The third reward, the esteem of God is the first. A heavenly city is the second. And the third is a heavenly country. Look at verses 14 to 16. "People who say such things, show that they're looking for a country of their own. If they've been thinking of the country they had left, they would have had opportunity to return. Instead they were longing for a better country, a heavenly one." Three times the word country is used. The word literally means home land. When you think of your home land don't you think of its beautiful sites and sounds and smells? Of the contour of the coast line and of the mountains and all that? Isn't it beautiful?

One of the great central themes of classic literature is a return home, like Homer's Odyssey, or Lord of the Rings. They just want to get back to the Shire. They're just trying to protect it from the evil that's encroaching. Or how about Apollo 13 the movie? And they're in a broken spaceship halfway between the Earth and the moon, and all they want to do is go home. And we're told from this text, we don't have a permanent home here. That doesn't mean we shouldn't want to go home. And so we have a home land waiting for us, we have a country that will be our very own. And now I bring you finally to a mystery. Maybe you haven't even noticed it, but I want to bring you to this mystery. All these people were still living by faith when they died, they did not receive the things promised. I want you to zero in on Abraham for a minute. Do you remember how in Genesis 13, God took Abraham through the land after Lot left him to go down to Sodom. He said, "Lift up your eyes from where you are and look north and south, east and west. 15 All the land that you see I will give to you and your offspring forever. " Fast forward decades, decade, decade, decades, now he's on his deathbed. What happened to that promise? And this text tells us he died not getting it. Did God break his promise? What's going on with that? Oh no, he got something better. He got the ethereal heaven, the disembodied experience of being in the presence of God, absent from the body, present with the Lord. Stop. God made him a promise concerning the land. What happened to that promise? In Acts 7:5 Steven says, "He gave him no inheritance here, not even a foot of ground." That's how clear Stephen was on this. But God promised him that he and his descendants after him would possess the land, even though at that time Abraham had no child. He died without a foot of that promised land. What happened?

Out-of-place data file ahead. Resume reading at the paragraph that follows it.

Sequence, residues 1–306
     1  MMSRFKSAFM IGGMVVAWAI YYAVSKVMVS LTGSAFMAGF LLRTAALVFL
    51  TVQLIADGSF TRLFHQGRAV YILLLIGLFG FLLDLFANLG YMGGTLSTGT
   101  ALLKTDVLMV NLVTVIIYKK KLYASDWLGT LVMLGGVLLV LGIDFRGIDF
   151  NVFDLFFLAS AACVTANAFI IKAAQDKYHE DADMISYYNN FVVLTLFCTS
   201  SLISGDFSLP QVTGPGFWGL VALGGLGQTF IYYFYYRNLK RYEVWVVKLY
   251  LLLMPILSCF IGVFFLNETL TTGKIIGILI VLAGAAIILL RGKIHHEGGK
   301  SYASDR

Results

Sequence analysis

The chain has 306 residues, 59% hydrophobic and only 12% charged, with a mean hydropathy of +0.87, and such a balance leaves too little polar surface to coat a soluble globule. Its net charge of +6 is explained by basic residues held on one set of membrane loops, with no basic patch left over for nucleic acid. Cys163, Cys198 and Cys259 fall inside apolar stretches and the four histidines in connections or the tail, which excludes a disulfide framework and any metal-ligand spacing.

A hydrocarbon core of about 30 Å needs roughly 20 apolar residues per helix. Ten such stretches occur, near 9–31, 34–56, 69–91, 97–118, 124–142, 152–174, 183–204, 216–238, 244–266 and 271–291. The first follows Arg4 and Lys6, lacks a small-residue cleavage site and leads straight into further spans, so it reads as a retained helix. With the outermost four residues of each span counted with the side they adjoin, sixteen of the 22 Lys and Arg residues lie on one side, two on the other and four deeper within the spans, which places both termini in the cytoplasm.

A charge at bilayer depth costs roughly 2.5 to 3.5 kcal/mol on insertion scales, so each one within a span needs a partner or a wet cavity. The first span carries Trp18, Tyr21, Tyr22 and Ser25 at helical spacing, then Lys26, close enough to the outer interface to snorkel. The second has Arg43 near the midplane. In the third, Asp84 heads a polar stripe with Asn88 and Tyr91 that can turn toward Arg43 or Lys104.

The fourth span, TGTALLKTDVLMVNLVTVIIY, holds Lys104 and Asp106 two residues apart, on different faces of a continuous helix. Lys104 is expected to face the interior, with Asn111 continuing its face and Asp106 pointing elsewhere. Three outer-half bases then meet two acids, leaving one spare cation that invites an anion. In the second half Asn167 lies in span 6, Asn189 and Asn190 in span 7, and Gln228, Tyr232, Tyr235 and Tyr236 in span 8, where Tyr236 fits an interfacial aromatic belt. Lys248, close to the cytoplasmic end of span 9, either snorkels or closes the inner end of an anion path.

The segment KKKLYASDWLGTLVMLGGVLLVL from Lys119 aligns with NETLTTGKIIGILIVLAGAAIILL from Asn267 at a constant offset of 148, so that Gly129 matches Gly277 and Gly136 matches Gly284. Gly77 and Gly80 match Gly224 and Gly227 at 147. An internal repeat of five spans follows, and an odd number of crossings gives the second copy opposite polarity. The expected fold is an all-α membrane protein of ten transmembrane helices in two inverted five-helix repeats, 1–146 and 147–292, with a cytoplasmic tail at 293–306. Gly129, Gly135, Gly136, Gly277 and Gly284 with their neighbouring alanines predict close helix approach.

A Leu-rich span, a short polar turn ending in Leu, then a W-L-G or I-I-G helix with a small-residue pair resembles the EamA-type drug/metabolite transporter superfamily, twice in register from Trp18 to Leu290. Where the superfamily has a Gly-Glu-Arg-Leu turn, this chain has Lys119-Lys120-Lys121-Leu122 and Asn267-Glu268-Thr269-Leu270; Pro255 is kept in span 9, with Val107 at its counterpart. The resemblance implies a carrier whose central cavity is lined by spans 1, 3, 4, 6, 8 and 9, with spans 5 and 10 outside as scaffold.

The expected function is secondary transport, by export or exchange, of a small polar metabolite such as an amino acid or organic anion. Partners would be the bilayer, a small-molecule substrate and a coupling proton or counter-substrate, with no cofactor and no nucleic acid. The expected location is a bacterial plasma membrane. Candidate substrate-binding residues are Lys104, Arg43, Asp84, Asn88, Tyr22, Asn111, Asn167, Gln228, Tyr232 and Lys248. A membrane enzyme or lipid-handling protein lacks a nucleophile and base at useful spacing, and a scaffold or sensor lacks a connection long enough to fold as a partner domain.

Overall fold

Well, can I say to you, the promise is still outstanding and will be fulfilled. Let me tell you something about being a parent, if you ever promise your child something, you better do it. I had a chance to go ice skating with Jenny this week. What was that, six years ago I promised to take you ice skating? Six years. For six years she did not forget that promise. What is it with kids that remember promises and forget commands, how is that? I don't understand. That seems unfair to me as a parent. But they remember those promises, don't they? Has God broken his promise to Abraham? No, he just doesn't have it yet. Is he going to get the land? There's the mystery, the answer is absolutely.

He's going to get the land, the same land. But the mystery comes when you read about it in 2 Peter we're told that everything is going to melt in the heat, and all the elements are going to just be destroyed and everything will be laid bare. So, I believe for this very reason, for the text we're studying this morning, I believe in a resurrected earth similar to a resurrected body. I link the two together. The Earth will be resurrected and the body will be resurrected so it is that body that's resurrected. It is that Earth that is resurrected and Abraham will get his inheritance. And we, the children of Abraham who come under that promise, we'll get it too. And frankly, it's been expanded. He will get that land and the whole world besides, because in Romans chapter 4, it calls him the heir of the world.

So God can be even more generous than he was at that moment in Genesis 13. He'll give him that, and the rest of it too. And so the meek will inherit what? What will we get? The earth. So can I just urge you to kind of let it go now guys, just let it go. You're going to get it and it's going to be improved when you get it back. It's going to go through the fire and it's going to be resurrected and it's going to be perfect like your resurrection body, so let you go. Live like an alien and a stranger on earth. Trust in Jesus, the one who shed His blood on the cross for you. I don't know if you have been saved, I don't know if you're a guest here, a visitor, I don't know if you've ever trusted in Christ. I'm asking you to trust in Him right now. He shed His blood for sinners like you and me. If you trust in Him, He'll give you an inheritance that can never perish, spoil or fade.

And if you've already by faith received the promise of that inheritance, live like it. Spend your money like an alien and a stranger. Amen? Spend your time like an alien and a stranger. This world is not your home. Don't grieve over the things that come and go in life. They're going to come and go. Be happy in the promises of God and above all, please fight to be holy. Dear friends, I urge you as aliens and strangers on earth to abstain from fleshly lusts which war against your soul, and reach out with the Gospel to those who are lost, who are living like this world is all there is. Share with them so that they may come into that inheritance too. Close with me in prayer.